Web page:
Night parrots, slothful dreaming and our Diamantina trip
My old school song, sung lustily by we small boys at Shepparton High School, supplied me with many words of inspiration, including :
“No thing of worth is won by slothful
The path to fame is lit by midnight oil.”
Alright, I was a particular kind of nerd, and a birds’ egg collector at that. My involvement in the environment sector for almost all of my adult life has been by way of doing penance for my errant youth. What I have kept into my adult life has been a keen appreciation of birds, bird distribution and bird behaviour, including nesting behaviour. As a self-confessed nerd, I’m also a bit of a pedant, quite taken with words and their meaning. These interests have their confluence in considering the now extinct Paradise parrot.
What was the impact of egg-collecting (oology) on the decline of the species that was suffering serious habitat loss as the Darling Downs were cleared for grazing? Their distribution was quite limited and the ant-hills in which they nested stood in the way of farming practice. So Psephotus pulcherrimus has not been seen since the 1920s. It has been declared extinct. Never will we set eyes upon such a pulchritudinous bird. It was such a beautiful bird, indeed full of pulchritude, it was heavenly, paradisiacal, in fact.
Not quite extinct is another parrot, also known, until relatively recently, from the 1920s. There were occasional public claims of sightings of the ‘fat budgie’, as the Night parrot was unkindly called. They were usually met with eye-rolling or accusations of ‘stringing’, a claim by a twitcher of a rarity when
something more common was mis-identified. Twitchers are competitive birdwatchers, aiming to build their Life-list with every bird species they have seen. The bird world was agog when Australia’s ‘Wild Detective’, John Young, a bird guide from North Queensland, announced in May 2013 that he had photographs and call-recordings of the Night parrot, Pezoporus occidentalis. Dedicated twitchers, of which am one, would kill, almost literally, to have a Night parrot on their Life-list.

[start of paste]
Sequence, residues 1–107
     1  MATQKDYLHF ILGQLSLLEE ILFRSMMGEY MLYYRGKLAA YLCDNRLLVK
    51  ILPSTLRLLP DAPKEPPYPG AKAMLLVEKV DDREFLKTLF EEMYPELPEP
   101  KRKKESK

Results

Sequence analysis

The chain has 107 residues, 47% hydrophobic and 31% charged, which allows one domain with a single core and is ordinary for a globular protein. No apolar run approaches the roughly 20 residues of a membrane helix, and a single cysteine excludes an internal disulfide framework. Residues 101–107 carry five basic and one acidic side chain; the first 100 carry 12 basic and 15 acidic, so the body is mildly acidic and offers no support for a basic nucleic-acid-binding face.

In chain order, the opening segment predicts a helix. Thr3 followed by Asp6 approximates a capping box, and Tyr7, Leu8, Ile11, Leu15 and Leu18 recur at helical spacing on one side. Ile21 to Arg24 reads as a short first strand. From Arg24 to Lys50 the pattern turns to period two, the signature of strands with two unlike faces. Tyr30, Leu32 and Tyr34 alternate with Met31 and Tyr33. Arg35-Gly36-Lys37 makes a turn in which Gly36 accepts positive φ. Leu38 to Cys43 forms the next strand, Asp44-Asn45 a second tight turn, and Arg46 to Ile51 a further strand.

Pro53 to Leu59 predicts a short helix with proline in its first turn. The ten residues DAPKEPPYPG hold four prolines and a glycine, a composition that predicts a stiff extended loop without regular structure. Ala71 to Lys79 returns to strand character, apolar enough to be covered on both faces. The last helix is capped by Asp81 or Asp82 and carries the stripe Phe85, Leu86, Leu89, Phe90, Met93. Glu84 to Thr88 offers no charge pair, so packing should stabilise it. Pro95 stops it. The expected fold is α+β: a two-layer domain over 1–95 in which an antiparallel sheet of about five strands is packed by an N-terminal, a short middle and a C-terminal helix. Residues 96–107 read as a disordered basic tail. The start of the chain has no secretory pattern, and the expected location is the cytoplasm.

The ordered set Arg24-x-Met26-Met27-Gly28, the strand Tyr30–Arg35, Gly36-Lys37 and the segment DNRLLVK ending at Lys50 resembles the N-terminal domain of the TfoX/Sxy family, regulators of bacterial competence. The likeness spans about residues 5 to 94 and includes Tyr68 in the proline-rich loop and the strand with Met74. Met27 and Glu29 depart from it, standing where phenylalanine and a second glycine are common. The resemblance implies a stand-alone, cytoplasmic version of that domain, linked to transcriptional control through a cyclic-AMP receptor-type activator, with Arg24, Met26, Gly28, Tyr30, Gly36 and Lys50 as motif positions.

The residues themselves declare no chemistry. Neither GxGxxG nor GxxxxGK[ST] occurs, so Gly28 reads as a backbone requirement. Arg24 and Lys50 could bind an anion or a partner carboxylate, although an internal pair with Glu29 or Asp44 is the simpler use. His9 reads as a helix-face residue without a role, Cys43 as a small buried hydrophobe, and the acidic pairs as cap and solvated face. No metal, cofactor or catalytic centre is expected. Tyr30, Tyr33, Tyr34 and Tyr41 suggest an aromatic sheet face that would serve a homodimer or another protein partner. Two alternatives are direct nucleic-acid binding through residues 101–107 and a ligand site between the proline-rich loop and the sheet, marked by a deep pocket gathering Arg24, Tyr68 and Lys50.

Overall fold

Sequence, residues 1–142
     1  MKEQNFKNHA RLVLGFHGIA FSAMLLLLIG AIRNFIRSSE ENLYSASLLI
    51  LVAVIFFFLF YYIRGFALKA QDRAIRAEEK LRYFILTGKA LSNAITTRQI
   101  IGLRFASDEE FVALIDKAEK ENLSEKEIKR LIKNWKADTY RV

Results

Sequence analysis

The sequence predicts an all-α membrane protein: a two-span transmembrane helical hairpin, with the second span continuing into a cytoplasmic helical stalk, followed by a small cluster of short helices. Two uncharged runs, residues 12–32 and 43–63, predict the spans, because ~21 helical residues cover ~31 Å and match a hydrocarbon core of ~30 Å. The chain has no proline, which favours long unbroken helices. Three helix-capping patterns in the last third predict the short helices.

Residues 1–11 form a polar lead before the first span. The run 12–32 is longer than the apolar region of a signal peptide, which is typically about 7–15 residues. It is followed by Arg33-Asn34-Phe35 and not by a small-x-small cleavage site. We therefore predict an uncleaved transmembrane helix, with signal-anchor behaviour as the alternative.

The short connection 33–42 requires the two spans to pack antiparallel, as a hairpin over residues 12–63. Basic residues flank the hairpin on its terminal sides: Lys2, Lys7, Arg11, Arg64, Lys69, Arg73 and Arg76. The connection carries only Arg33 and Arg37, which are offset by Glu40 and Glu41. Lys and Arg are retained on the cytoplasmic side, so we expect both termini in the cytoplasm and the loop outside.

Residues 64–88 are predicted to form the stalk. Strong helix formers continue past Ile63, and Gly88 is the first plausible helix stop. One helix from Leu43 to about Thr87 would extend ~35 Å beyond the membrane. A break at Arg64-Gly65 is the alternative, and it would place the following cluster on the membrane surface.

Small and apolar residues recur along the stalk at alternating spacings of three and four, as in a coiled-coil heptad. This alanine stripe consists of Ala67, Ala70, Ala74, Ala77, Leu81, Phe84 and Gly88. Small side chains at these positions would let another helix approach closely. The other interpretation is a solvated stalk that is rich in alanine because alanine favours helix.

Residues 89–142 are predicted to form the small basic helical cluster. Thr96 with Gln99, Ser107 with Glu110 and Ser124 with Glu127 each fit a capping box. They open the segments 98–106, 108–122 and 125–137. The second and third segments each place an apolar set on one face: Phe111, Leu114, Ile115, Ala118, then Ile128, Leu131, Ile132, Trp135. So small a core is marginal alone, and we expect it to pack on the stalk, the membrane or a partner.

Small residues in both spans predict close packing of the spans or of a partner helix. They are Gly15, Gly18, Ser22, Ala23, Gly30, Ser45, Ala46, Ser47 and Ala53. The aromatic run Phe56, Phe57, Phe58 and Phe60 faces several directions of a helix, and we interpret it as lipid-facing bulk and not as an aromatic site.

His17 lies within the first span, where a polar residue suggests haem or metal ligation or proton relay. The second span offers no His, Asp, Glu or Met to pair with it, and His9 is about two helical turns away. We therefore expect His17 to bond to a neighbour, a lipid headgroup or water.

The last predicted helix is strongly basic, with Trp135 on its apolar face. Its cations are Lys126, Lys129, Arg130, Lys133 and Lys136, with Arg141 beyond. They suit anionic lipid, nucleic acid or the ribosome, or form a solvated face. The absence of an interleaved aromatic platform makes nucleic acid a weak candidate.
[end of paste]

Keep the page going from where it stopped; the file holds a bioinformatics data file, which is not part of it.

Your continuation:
In fact, we had anticipated the rediscovery of the Night parrot and had been planning a trip to find one. For a year or two, we were organising a September 2013 trip to the Diamantina in far-west Queensland where John Young had made his momentous discovery.
We had scoured the old records for the distribution of the species and noted their preference for old-growth Triodia irritans or Porcupine grass, known colloquially as Spinifex. There is hardly more inhospitable country than this – almost endless heat-shimmering gibber interspersed with clumps of spinifex, the toughest, most-unwelcoming plant of the harshest inland.
The string of good rainfall years in the previous decade made it likely if there were birds out there, even in very small numbers, the good seasons should have allowed increases in populations. We thought that we should go looking.
We started our research. The SA Ornithologist magazine in 1931 carried an article in which Night parrots were described as ‘fairly numerous’ south-east of Oodnadatta. There were further descriptions of where birds had been found, of their behaviour and nests and eggs. My oological passions had long subsided, it was the distribution that was of interest. I spoke with Wayne Longmore who was involved in 1990 with Walter Boles in the Australian Museum trip that quite fortuitously stopped on the roadside just out of Boulia in north-west Queensland. There on the ground beside the vehicle was the headless, desiccated body of a … Night parrot. Was it struck there by a car some time ago or was it struck elsewhere and carried by a vehicle, only to fall off in that spot?